Edward Schlosser Part III: The Disgusting Assumption

A few days ago, I made a post about Edward Schlosser’s Vox article. I started by addressing his thesis, saying that I thought he was onto something, suggesting that maybe he’s putting the blame in the wrong place, but acknowledging that I’m not a student or an academic so I’m not the best person to judge. I didn’t offer a final judgment on his larger point, or try to sum up what I thought his point was. I certainly didn’t try to argue with him.

The main body of the post was concerned with one specific thing he did in that article, which was calling out an individual woman on Twitter by name and holding her up (falsely, he was wildly misrepresenting what she was saying in the Tweets he selected) as an example and cause of the problem he described.

As I noted in my post: she was not one of his students, one of his colleagues, or a part of any community he belongs to. She also didn’t call anyone out by name or point to anyone as a target.

And him holding her up and making an example of her subjected her to vitriol, threats, and other abuse from people who were all too eager to buy what he was selling about her.

The point of my post is that this was wrong. He was factually incorrect in how he characterized her statements, but disregarding that, what he did was morally wrong.

And here’s the thing: ever since I made that post, I have had people in the comments on my blog and in my Twitter mentions saying, “Yes, but Edward Schlosser has a point.” or “I don’t think you can say this proves him wrong.” or “You’re just cherry-picking to try to throw out his argument.”

Every single person saying this is making one very disgusting assumption.

And no, this is not a leap. It is a conclusion I am drawing, and I will explain how I drew this conclusion.

The disgusting assumption you are making is that the only reason a person would have to object to Schlosser’s treatment of his online scapegoat is if they desired to use her as a a pretext to attack him. You’re overlooking the possibility that anyone could actually care about her, about her feelings, about her safety, or even about the basic concept of fairness as it applies to her as a human being.

I’m saying, “What he did to this person while making his argument was not cool, and we should not stand for it.”

In order to take away from that is that I must have an axe to grind against him or I must be trying to discredit his larger point, you must not consider the possibility that I actually care about what he did to the person to be worth entertaining.

Now, I’m not claiming to have read your mind. I’m not saying you sat there twirling your Evil Mustache of Evil and said, “ZOUNDS! COULD SHE HAVE CARED ABOUT THIS OTHER PERSON? I SAY THEE NAY!” I’m saying it honestly didn’t occur to you. You leaped right past it.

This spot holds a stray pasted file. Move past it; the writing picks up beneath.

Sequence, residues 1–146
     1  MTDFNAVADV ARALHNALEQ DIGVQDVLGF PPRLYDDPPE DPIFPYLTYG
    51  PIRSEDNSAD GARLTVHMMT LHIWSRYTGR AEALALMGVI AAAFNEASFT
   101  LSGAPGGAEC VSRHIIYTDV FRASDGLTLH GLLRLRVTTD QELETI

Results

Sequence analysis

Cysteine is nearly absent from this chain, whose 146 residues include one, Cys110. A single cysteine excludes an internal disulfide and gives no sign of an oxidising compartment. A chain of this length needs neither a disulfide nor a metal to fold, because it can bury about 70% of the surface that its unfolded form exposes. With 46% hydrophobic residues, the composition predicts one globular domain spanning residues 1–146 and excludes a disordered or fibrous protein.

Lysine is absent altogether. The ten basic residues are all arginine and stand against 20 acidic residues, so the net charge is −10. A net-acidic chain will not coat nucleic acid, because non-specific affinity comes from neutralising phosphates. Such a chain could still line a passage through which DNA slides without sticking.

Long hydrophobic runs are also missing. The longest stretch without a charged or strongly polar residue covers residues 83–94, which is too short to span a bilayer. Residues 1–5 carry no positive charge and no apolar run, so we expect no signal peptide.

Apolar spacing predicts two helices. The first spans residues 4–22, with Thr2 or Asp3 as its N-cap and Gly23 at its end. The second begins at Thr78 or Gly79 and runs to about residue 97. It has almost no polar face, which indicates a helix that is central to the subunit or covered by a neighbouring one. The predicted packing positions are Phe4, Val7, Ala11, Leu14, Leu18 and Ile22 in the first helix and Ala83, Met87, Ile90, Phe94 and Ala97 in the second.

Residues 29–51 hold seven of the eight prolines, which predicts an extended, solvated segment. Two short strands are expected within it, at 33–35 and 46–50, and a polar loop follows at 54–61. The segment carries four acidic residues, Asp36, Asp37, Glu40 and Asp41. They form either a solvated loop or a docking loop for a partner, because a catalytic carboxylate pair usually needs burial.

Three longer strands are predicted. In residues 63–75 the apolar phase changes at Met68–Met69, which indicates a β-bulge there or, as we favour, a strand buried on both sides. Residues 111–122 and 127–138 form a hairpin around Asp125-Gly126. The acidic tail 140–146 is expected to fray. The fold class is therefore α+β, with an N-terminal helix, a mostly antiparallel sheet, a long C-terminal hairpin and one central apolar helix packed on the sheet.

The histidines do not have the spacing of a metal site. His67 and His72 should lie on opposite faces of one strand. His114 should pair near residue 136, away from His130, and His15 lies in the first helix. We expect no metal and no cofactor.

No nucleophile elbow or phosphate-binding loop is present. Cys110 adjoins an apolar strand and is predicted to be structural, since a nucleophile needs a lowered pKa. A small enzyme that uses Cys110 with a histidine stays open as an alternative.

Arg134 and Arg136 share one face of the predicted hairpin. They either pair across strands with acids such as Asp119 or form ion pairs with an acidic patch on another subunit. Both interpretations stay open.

And why did you do that?

Well… obviously any guess I would venture would be something of an assumption. That’s not to say that certain more obvious possibilities didn’t spring into my mind. I’ll bet they sprang into your mind, too… you were thinking that this is one of those “sees racism/sexism everywhere” things, weren’t you?

Here’s the thing that gets overlooked in all this “LIBERALS TODAY ARE TOO SENSITIVE BLAAAAAAR” stuff: if we only consider racism as a factor when it’s wearing a sheet and burning a cross on somebody’s lawn, we end up missing a lot of stuff.

Let me make a postulate here: Edward Schlosser did not in fact have any elaborate sinister plan when he called out the person he mentioned in his article. He did not in fact have any conscious agenda in using her as a lightning rod to gather outrage unto himself and support for his cause. I know, I know. You’re thinking, if I believe this, then why did I make my post?

Well, my post still stands.

Because racism doesn’t require evil schemes.

All it requires is callous disregard.

And callousness… we hear “callous” and we maybe still picture a sneering villain. But cruelty and callousness aren’t the same thing. To use an example from fantasy fandom: Severus Snape wasn’t callous in how he treated Harry Potter; Albus Dumbledore was.

Edward Schlosser did not consider his scapegoat to be worthy of the same regard he took for himself when he published under a pseudonym. He did not consider his scapegoat to be worthy of the same regard he reserved for his colleagues when he denounced call-out culture as creating a toxic aura of silence and fear. He did not consider his scapegoat to be worthy of the same respect he gives his students in actually hearing their words and taking in what they mean.

And when I say “did not consider”, I don’t mean “thought about it, then decided no”.

I mean “did not think about it”.

The same is true of each and every single person who came to my blog, read my post, and decided that I wasn’t really defending his target, but only attacking his message.

I could tell you how much I respect and admire his target, or how long I’ve been aware of her in a friend-of-friends sort of way, but here’s the thing: I shouldn’t need to prove my bona fides in caring about another human being. My point was and is that what he did to her was unacceptable, period. It would have been unacceptable if it happened to my best friend. It would have been unacceptable if it had happened to a perfect stranger.

This is a moral stance. This is an ethical stance. This is barebones, basic human decency.

I’m going to close this post by reiterating what I said before:

What he did to her was incitement, it was exploitation, and it was abuse, and we should not stand for it.

I note that Vox.com agrees enough to have edited that portion out of his piece. People are crying censorship, but notice that his argument is still there, exactly as intact and complete as it was from start to finish. That’s because the attack, the scapegoating… it never had to do with him making his case on a logical level.